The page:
Fort Worth, Texas – In a promising development for cultural enrichment in Fort Worth, the proposed National Juneteenth Museum is poised to secure up to $3 million for key infrastructure upgrades, courtesy of the Regional Transportation Council.
This governing body, an arm of the North Texas Council of Governments focused on transportation policy, enthusiastically green-lighted the allocation during their gathering on June 8.
In a unanimous vote, the council pledged their financial support, earmarking $3 million to facilitate critical infrastructure enhancements proximal to the anticipated location of the National Juneteenth Museum.
The financial assistance, drawn from the Regional Toll Revenue initiative and Surface Transportation Block Group program, was confirmed via a council presentation. These fund infusions, however, hinge on the materialization of the ambitious $70 million museum project.
Originally declared in 2021 as per a release from the city of Fort Worth, the National Juneteenth Museum plans are indeed expansive. The proposed 50,000-square-foot structure will comprise a variety of facilities including:
- 10,000 square feet of exhibit space
- A 250-seat theater to host lectures, speakers and performances
- Flexible space for traveling exhibits, seminars and events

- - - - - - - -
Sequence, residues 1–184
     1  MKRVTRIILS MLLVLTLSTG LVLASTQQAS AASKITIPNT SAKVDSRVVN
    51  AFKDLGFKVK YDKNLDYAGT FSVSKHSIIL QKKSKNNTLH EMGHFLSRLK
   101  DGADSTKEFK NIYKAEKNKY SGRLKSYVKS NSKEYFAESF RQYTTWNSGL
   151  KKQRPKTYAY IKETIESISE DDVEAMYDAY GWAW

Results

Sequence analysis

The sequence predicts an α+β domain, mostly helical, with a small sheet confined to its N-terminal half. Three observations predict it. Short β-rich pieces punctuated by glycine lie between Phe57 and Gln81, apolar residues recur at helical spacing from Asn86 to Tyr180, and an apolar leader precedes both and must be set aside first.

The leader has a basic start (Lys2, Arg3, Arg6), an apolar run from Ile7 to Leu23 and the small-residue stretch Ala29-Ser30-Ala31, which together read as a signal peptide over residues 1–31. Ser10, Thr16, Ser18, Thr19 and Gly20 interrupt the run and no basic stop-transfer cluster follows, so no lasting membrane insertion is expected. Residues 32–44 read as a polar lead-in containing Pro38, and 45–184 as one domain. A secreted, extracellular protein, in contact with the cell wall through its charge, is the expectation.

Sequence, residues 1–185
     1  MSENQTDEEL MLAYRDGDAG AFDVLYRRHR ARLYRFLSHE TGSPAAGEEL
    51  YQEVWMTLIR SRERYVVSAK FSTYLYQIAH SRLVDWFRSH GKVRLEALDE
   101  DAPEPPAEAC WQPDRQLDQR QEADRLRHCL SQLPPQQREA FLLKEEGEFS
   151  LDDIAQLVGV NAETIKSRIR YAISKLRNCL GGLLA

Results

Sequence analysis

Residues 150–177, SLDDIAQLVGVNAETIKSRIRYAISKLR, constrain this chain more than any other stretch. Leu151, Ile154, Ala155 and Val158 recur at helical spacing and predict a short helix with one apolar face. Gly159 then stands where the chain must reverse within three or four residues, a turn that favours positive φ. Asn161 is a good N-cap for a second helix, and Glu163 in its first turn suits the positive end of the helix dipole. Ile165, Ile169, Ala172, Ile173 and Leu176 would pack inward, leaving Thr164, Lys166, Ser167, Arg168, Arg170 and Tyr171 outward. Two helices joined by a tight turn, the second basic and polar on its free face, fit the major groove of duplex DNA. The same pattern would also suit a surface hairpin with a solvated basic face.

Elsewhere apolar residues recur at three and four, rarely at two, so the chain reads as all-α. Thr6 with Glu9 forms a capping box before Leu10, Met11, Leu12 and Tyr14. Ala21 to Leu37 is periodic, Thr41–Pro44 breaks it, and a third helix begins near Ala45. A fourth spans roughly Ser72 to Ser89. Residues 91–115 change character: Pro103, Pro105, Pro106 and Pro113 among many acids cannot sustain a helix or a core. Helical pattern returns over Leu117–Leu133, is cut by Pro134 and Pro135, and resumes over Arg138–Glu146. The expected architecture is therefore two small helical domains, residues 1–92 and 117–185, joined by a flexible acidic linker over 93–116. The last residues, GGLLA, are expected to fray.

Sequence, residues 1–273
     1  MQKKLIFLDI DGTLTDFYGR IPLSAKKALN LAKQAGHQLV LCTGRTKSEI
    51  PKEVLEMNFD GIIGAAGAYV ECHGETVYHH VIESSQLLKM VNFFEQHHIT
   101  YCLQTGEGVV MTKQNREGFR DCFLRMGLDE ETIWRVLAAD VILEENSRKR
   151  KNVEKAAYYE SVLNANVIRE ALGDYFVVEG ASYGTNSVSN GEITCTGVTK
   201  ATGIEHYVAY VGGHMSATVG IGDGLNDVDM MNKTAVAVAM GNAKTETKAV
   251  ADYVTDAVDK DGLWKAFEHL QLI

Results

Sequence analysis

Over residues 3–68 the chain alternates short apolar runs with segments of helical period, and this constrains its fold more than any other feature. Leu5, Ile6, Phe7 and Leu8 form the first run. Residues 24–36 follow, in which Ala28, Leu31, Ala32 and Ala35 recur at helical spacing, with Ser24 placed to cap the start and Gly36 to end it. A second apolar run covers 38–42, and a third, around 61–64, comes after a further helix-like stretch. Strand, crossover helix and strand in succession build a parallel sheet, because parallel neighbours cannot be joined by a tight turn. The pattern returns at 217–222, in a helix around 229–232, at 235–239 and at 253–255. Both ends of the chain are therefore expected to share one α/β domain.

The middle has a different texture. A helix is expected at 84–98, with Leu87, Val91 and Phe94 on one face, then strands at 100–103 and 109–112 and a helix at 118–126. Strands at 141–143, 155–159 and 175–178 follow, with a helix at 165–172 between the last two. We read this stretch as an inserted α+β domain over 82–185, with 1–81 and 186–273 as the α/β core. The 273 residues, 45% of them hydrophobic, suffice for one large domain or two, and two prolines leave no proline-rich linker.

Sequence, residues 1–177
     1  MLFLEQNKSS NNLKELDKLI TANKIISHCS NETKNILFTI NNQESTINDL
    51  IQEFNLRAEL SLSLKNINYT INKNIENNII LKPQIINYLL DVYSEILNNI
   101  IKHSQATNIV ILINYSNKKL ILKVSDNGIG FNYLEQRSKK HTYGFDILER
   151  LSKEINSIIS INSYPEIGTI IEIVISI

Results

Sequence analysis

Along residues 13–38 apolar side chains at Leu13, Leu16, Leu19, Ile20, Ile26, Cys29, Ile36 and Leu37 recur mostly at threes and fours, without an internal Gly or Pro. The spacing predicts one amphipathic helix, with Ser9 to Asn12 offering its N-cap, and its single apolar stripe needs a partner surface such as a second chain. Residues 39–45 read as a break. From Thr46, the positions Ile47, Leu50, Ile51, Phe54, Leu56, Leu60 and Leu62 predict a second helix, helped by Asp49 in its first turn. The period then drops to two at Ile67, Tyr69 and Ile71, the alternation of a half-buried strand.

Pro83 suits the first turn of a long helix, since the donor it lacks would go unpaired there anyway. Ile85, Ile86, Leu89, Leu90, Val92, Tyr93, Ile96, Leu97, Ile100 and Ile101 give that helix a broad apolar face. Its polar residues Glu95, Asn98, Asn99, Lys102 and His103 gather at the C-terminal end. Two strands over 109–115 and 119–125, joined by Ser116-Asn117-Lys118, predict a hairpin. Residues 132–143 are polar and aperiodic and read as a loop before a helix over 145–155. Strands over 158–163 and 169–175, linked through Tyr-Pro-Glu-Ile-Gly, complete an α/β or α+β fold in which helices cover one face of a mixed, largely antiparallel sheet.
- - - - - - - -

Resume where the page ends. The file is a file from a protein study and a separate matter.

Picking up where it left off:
- Coworking space for local entrepreneurs
- A food hall featuring local chefs
- A National Juneteenth Plaza, courtyard and green space
Beyond the museum, the blueprint involves a larger redevelopment project earmarked for the region. The city of Fort Worth, in collaboration with Hoque Global, has plans to construct a minimum of 370 residential units along with retail outlets in close proximity to the proposed museum site.
In addition, more than $1 million has been set aside by the city for the design and creation of Evans Plaza Park.
The museum’s construction, slated to kick off later in 2023, is expected to reach completion by June 19, 2025, as stated on the museum’s official website.
Transportation Director Michael Morris, in the June 8 assembly, underscored the significance of this move, citing it as a mutual endeavor between the council and Fort Worth to rejuvenate a section of the city.
“This is a big deal,” Morris said. “But it’s a big deal and a bigger deal because of the investments the city of Fort Worth is making in what are some of the poorest neighborhoods in Fort Worth and in southeast Fort Worth.”